gay dogs. I also racked myself really hard on a wipeout and traded in my surfboard for a long skateboard, (fuck ocean).
My second interview was in LA with AEON, which is fairly similar to NOVA except not bankrupt, but just a douchetastic.
I took a Greyhound bus with a bunch of poor people to LA. The Greyhound station in LA I recognized from Grand Theft Auto: San Andreas. In the game it’s the place you go to shoot migrant laborers for fun. (It’s kind of a fucked up game.)
The interviewers were two men this time. One was a short thin Japanese man. The other was a tall chubby blonde man with a bit of a northwestern accent. There were only four of us interviewing. Derek had gelled hair, wore glasses, and looked stoned. Drew fidgeted and was so unremarkable I passed over him when I was introducing myself before we started the interview. And A.J. was black.
Then there was me in a clean suit, Tommy tie, and smile that had earned me my own fan club in high school, but I was asian.
It was painfully obvious that from the start of the interview that we weren’t what they were looking for. Derek was too stoned. A.J. wasn’t white enough. And I was too Asian. I got the feeling like they were just going through the motions of another day at work without even considering hiring any of us. Where the NOVA interview had been casual, fun, and flirty, this one was cold, calculated, and dreary.
Oh yeah, Drew was too plebeian or something. I keep forgetting about him, his name wasn’t even Drew, fyi… I just can’t remember it now…
They gave us short little simple English tests that a 5th grader could have done while playing Wii Sports. We each had prepared a mock lesson as a presentation, which we gave using our fellow interviewees as students. The two interviewers talked about Japan and their company with bored sounding voices and they often stared out the window. When we raised our hands they’d keep talking until we gave up asking questions. I should have got up and walked out because they were being douche bags, but I held onto some sliver of hope that it was all an act on their part to see how we’d respond to people who are total tools.
They sent me a letter the next week saying “Fuck you, try again.” I called them asking what went wrong with the interview, if there was any particular reason I didn’t get the job. They told me once again to fornicate with myself and said that the information was confidential. I pissed on the letter and told the mailman there was a mix up and had it returned to the senders.
ECC has a long ass test at the start of the interview. It’s one hundred questions split into different sections covering grammar, spelling, and three other categories I don’t remember.
Was it difficult?
Was I nervous?
If my sixteen years of public education, English Literature Diploma, and narcissistic personality wasn’t enough to prepare me for a test over basic English comprehension then I probably wasn’t as awesome as I thought. But even though I rode on an overnight bus for twelve hours before the interview and hadn’t been asked to identify a gerund since middle school, I aced their little test in twenty minutes and then took a nap.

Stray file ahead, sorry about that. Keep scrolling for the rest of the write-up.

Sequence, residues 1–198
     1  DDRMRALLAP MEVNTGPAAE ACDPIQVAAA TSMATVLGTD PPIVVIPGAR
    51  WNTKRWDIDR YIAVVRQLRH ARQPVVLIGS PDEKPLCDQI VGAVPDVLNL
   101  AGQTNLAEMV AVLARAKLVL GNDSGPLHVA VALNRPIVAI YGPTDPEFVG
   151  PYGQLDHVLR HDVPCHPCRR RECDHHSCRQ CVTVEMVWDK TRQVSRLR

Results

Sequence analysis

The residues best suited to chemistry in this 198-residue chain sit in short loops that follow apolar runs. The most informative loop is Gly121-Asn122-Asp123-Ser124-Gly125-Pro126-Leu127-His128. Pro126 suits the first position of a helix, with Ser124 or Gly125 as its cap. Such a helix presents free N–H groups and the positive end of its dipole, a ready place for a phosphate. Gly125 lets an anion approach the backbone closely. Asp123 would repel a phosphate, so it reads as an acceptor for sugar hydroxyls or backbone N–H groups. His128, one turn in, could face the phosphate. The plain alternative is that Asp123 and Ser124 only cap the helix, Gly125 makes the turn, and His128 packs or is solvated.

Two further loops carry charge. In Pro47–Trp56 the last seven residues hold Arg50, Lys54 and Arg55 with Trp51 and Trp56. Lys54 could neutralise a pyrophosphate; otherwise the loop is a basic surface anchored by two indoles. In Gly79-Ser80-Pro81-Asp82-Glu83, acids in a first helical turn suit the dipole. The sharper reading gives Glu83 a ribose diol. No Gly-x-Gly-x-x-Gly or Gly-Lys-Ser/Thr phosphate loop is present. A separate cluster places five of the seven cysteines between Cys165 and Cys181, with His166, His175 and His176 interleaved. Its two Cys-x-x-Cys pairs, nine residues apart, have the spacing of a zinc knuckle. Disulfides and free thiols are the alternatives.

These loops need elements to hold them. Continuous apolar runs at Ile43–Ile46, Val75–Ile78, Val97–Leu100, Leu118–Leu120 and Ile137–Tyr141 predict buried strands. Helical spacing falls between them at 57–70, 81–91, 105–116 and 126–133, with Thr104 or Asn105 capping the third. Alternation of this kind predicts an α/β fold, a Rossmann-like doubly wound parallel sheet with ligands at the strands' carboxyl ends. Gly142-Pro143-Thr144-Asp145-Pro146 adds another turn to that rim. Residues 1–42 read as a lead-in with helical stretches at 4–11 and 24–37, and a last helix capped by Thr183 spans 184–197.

There was a mock lesson for those of us that passed the test afterwards. The sixteen of the original twenty that was left was divided into two groups and we gave our demo lessons for the group. My interviewer-observer-person was a silver haired Japanese man. I volunteered to go first in my group, so I could have the pleasure of watching the other applicants’ faces as they realized how much more talented I was than they. I launched into my lesson with games and songs and dance, lights, smoke, and enough CGI to make the Phantom Menace look like accidental byproduct of a Q-basic code. Not five minutes into my lesson the Japanese man smiled and clapped his hands and told me, “That was excellent. That’ll be enough.”
The mistake the other applicants made, aside from being in the same room as me without planning ahead and ordering some extra awesome for that day, was that they did their little lessons, but stopped when ‘they’ felt they were finished. Not when they were told to stop.
They would stop talking; look around with hesitant glances like a deer entering a meadow looking for bears. The Japanese man would ask, “Ummm, are you finished then?” They’d laugh nervously and nod.
The last part of the ECC interview a one-on-one interview. By this point I knew I was set. The interview questions were all pointed to the obvious: “Where in Japan do you want to live?” “Which is your favorite Sailor Moon character?” “You’re terrific, why haven’t I heard about you yet?” “Is there some sort of handsome cream you use or what?”
On the way home from San Francisico on the 2nd and final time I would ever ride a Greyhound for that long, ECC called me and told me they absolutely had to have me.
I emailed AEON later,
Dear scatological craniums,
Do you like apples…
The INTERAC interview took place outside of LA. I rented the crappiest car I could find, which turns out in San Diego is a PT Cruiser.
The INTERAC interview consists of a personality test, a video taped self-introduction followed by a videotaped demo lesson that’s super short, and a one-on-one interview.
I had Yuuki write out my self-introduction in Japanese. The demo lesson was just to prove I could form English sounding sentences without vomiting on myself. The interviewer was a plump little twenty-something girl from Pennsylvania. By the end of short interview we were both laughing obnoxiously and she told me I was a pleasure to meet and she would recommend me for the job. I may have told her at some point that when she smiled it was like little bits of sunshine were leaking out, which seemed cheesy at the time, but I’m sure no one had ever told her something like that before. Looking back now someone with sunshine leaking out of their frigging face seems rather terrifying.
I wound up taking the job with INTERAC because they had better hours. I still get sad little emails from ECC as they continue to cry about their loss.